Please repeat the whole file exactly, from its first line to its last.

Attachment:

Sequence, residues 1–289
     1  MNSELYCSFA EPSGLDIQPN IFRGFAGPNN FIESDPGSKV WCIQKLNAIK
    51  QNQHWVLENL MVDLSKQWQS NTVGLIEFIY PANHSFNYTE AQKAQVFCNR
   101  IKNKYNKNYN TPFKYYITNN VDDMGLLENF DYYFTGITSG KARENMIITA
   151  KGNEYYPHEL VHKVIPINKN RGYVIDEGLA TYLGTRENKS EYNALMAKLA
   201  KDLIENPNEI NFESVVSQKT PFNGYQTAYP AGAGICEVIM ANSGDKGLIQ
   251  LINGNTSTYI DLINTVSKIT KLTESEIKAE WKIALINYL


Sequence, residues 1–289
     1  MNSELYCSFA EPSGLDIQPN IFRGFAGPNN FIESDPGSKV WCIQKLNAIK
    51  QNQHWVLENL MVDLSKQWQS NTVGLIEFIY PANHSFNYTE AQKAQVFCNR
   101  IKNKYNKNYN TPFKYYITNN VDDMGLLENF DYYFTGITSG KARENMIITA
   151  KGNEYYPHEL VHKVIPINKN RGYVIDEGLA TYLGTRENKS EYNALMAKLA
   201  KDLIENPNEI NFESVVSQKT PFNGYQTAYP AGAGICEVIM ANSGDKGLIQ
   251  LINGNTSTYI DLINTVSKIT KLTESEIKAE WKIALINYL